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Aug 21st
Home Columns Ike Señeres Cable, Satellite, the Internet and Cellphones Can Deliver Distance Education with Quadruple-play Convenience
Cable, Satellite, the Internet and Cellphones Can Deliver Distance Education with Quadruple-play Convenience PDF Print E-mail
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Columns - Ike Señeres
Written by Ike Señeres   
Sunday, 15 August 2010 09:23


No Holds Barred (082)

By Ike Señeres


Cable, Satellite, the Internet and Cellphones Can Deliver Distance Education with Quadruple-play Convenience


In my younger years when I was with the UP Mountaineers, I used to climb mountains “Because it’s there”. This is now the same reason why I am using technology to deliver on-air and online education to all levels, to all locations in the Philippines. I want anyone to learn anything from anywhere, using any available means. Why? Because it’s there!


In earlier columns, I talked about Harry Tambuatco who is helping us deliver on-air education via cable and satellite. I also wrote about Bycon Bulatao who is helping us deliver online education via the Internet, through the technology of video streaming to computers. This is actually internet protocol (IP) technology that we are using.


With cable, satellite and the Internet working together, we have now actually achieved triple-play capability to education programming. Soon however, we will be able to deliver online education via the cellular phone network, through the technology of video streaming to cell phones that have 3G access. With this move, we will be able to have quadruple-play capability. Students may not want to watch lessons on a small screen, but what if that is the only means available to them? Why am I using this relatively unused means of delivery? Because it’s there!


If he is alive today, Dr. Jose Rizal would be scandalized by the fact that there are about 9-million to 16-million children who are classified as Out of School Youth (OSY). By any measure, this is absolutely unacceptable, and we as a nation should be ashamed that we have allowed this to happen.


Since we are a member of the United Nations, we should realize that this very-high figure is indicative of the fact that we are too-far away from the Millennium Development Goal (MDG) of achieving universal education. This is the reality that we must face, and there is no excuse to that we could think of to exonerate our guilt, considering that the technologies that are needed to solve this problem are already available and are affordable.


Why Online Education Is More Desirable


O nline education is of course the more desirable, because the Internet is more interactive, and the graphic effects are more powerful. Given a choice between on-air education and online education, I would go for the latter, but practical reasons, we should make use of any form of connectivity that is available and is more affordable.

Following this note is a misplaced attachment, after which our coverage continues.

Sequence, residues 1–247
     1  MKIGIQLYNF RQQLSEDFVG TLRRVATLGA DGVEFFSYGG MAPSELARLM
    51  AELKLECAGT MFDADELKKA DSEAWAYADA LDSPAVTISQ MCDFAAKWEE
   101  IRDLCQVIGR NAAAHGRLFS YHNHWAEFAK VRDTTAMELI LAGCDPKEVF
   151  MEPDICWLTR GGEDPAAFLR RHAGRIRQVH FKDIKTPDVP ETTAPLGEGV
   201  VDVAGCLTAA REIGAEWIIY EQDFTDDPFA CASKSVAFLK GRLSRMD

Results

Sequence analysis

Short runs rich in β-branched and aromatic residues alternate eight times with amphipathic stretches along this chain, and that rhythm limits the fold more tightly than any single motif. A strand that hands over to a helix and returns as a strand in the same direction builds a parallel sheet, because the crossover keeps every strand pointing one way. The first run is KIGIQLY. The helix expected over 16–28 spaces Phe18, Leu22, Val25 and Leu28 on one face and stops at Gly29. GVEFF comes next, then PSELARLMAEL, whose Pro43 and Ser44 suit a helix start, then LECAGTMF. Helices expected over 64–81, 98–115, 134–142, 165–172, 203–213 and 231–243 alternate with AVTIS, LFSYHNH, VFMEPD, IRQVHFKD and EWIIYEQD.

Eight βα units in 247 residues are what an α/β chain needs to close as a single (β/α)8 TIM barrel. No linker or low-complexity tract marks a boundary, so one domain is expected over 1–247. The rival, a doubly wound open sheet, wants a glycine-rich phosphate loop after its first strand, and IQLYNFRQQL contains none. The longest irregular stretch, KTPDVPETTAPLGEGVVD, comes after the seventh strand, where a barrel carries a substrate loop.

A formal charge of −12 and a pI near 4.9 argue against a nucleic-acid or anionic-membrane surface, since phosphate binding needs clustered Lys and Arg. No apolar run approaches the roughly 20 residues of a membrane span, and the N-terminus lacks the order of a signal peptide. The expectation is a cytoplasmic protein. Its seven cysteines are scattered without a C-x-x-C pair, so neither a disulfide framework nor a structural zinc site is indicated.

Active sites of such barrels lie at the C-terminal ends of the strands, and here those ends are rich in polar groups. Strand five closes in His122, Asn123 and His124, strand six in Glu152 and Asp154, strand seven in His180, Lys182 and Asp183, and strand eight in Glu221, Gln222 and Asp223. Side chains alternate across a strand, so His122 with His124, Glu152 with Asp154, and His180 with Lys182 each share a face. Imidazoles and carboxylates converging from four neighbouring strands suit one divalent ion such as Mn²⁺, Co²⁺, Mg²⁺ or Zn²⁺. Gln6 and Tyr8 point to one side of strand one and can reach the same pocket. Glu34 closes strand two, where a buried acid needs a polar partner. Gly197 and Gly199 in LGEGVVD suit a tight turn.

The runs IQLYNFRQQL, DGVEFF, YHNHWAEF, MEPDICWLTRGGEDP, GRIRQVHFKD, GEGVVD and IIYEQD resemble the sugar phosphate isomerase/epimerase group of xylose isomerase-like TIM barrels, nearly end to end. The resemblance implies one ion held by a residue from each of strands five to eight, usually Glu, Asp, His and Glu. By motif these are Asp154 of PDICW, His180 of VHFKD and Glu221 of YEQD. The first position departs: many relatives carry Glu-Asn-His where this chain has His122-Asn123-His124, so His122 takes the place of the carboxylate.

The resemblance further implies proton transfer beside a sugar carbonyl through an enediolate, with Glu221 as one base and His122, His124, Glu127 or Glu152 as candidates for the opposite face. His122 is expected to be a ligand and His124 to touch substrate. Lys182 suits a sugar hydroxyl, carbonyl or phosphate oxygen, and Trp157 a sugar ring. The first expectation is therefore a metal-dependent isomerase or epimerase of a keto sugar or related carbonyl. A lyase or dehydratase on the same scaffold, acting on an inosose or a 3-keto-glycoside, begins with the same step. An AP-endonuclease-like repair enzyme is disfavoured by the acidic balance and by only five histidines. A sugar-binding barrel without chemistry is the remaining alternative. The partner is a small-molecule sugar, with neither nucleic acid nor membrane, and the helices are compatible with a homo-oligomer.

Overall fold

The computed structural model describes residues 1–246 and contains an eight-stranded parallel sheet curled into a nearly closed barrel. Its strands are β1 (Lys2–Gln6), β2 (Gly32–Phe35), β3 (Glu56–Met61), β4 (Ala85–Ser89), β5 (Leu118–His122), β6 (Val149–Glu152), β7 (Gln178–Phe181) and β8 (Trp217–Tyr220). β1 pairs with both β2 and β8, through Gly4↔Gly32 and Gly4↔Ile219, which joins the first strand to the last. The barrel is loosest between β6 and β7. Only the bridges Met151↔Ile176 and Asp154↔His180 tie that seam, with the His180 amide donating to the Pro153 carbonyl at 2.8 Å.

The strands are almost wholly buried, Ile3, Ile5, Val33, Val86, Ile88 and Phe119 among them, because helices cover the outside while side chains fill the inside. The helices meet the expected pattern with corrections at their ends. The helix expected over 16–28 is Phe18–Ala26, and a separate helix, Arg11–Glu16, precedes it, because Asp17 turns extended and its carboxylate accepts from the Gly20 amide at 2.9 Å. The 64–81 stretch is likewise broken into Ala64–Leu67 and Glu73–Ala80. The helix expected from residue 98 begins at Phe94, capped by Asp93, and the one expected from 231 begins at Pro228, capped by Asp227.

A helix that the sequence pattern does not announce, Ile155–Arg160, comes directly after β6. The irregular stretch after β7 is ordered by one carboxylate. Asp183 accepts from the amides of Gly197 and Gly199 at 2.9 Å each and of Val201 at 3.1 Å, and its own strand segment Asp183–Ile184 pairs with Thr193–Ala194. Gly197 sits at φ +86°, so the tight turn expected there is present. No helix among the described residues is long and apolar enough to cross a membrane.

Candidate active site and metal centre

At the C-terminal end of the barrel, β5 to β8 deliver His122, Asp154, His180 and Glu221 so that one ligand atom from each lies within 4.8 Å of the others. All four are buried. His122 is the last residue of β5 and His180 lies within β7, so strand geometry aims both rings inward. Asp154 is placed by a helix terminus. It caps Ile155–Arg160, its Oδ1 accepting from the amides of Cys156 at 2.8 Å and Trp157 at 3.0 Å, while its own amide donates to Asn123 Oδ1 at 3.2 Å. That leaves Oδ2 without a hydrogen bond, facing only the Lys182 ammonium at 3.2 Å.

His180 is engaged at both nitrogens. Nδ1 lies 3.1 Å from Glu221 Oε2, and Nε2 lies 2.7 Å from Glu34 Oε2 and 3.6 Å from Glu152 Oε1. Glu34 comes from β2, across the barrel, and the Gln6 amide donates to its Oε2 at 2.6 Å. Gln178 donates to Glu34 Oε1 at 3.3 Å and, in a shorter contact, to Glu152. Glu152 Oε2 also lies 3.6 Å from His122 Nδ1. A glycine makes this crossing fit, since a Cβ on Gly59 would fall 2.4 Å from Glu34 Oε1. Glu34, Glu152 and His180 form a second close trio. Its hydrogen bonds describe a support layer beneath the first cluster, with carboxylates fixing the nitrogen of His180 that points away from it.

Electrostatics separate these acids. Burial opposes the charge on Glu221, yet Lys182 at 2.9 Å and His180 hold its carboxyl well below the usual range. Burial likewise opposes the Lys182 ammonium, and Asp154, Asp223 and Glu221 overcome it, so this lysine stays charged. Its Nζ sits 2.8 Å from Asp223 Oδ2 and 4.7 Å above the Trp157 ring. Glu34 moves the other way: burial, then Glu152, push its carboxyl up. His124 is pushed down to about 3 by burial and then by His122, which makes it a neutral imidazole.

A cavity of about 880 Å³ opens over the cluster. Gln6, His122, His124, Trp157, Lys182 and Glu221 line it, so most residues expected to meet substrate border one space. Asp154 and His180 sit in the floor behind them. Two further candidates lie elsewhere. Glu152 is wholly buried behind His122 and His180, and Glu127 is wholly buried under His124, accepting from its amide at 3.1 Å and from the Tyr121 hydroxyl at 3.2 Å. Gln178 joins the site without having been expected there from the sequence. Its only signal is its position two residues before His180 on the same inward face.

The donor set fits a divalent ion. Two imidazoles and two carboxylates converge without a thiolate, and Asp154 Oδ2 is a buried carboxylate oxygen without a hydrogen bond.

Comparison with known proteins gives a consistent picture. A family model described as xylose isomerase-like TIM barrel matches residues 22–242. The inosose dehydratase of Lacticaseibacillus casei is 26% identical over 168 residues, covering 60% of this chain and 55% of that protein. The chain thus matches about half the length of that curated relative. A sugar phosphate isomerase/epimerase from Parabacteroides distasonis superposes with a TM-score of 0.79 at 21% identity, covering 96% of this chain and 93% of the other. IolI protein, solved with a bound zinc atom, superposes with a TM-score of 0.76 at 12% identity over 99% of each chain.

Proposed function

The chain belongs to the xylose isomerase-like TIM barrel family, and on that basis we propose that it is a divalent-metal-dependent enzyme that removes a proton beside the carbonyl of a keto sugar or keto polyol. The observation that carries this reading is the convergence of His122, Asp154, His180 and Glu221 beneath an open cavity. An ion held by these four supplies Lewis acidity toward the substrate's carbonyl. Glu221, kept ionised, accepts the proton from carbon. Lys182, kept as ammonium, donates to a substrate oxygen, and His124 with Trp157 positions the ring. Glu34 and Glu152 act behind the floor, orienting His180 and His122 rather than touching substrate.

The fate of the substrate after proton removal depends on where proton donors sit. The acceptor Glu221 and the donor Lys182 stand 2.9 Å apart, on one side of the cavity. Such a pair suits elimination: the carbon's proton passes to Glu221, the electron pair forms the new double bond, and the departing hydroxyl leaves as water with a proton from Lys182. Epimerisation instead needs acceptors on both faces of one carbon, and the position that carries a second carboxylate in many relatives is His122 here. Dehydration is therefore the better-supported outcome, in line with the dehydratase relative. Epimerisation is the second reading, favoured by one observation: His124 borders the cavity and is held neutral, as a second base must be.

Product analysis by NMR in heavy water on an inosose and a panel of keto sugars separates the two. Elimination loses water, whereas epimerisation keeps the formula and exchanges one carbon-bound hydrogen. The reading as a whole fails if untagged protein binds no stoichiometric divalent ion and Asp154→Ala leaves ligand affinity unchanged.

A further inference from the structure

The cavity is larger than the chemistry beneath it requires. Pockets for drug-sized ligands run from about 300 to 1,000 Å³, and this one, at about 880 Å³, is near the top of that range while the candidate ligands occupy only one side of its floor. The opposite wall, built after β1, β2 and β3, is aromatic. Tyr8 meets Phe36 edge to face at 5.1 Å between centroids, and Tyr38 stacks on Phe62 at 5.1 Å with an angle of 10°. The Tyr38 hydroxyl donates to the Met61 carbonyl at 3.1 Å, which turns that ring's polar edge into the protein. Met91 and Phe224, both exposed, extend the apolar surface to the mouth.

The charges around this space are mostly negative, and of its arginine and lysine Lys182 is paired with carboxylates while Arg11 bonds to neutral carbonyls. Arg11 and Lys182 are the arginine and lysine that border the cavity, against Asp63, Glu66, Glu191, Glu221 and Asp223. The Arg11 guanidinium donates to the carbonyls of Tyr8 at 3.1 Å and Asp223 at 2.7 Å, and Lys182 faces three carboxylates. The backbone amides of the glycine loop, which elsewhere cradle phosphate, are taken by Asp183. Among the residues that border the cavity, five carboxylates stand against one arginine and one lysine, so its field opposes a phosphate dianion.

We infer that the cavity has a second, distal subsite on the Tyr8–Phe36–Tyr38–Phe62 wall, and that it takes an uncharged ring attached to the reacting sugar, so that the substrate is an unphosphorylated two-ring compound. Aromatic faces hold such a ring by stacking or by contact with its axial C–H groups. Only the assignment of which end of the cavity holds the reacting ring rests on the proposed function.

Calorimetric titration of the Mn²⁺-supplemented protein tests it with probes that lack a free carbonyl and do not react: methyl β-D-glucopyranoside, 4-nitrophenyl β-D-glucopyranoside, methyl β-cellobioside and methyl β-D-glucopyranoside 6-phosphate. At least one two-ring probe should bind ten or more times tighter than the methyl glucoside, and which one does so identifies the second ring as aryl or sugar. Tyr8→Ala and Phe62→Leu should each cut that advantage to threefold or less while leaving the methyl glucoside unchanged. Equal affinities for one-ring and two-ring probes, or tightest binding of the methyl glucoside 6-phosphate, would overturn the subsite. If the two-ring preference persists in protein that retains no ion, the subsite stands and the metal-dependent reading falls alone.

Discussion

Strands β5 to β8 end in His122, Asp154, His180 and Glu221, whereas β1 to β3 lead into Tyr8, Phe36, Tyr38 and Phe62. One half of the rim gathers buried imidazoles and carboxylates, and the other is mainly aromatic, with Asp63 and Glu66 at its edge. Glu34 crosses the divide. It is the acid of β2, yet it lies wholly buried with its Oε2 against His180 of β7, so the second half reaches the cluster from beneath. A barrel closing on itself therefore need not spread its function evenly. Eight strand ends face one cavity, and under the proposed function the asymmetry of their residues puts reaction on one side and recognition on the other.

The truth is, we have not even fully tapped the potential of cable television even if it is already available almost everywhere. Through the wide coverage of Destiny Cable in Metro Manila, we will soon be able to deliver on-air education via cable television to most parts of the metropolis, complemented by satellite television in areas that could not be reached by cable.


Because of the Social Education Network (SEN), it is now possible to meet the MDG target of universal education before the set deadline on 2015, assuming that all the players in this exercise will cooperate and move fast. After Metro Manila, we are going to extend the reach of the SEN project to the other cable areas in the provinces.


With the infra component practically spoken for, we are now working on the content side for the DEPED Channel. As assured by Mr. Paul Soriano of the DEPED, many top teachers are now ready to produce the content needed by this project. Prof. Mel Garcia of De La Salle University (DLSU) is also taking steps to tap the entire DLSU manpower base into this project.


In a recent development, the Commission for Higher Education (CHED) has also shown an interest in creating a separate CHED Channel for all four year courses. CHED Executive Director Atty. Lito Vitriolo said that the legal basis for this already exists, through the Expanded Tertiary Education Equivalency and Accreditation Program (ETEEAP).


The National Statistics Office (NSO) reports that our functional literacy rate is 84%, and that is generally interpreted to mean the percentage of people in the population who could read and write. That is good for bragging rights, but is no good for our people if they are not educated enough to get jobs. Newly appointed Technical Education and Skills Development Authority (TESDA) Director General Joel Villanueva has hit the nail in aiming to increase the employable rate of TESDA graduates that is now 20%. To help TESDA, it may also be good to have a TESDA Channel. # # #


Watch KA IKING LIVE! Saturdays 8:00 p.m. to 9:00 p.m. in Global News Network (GNN), Channel 21 in Destiny Cable. Email or text +639293605140 for local cable listings. Visit


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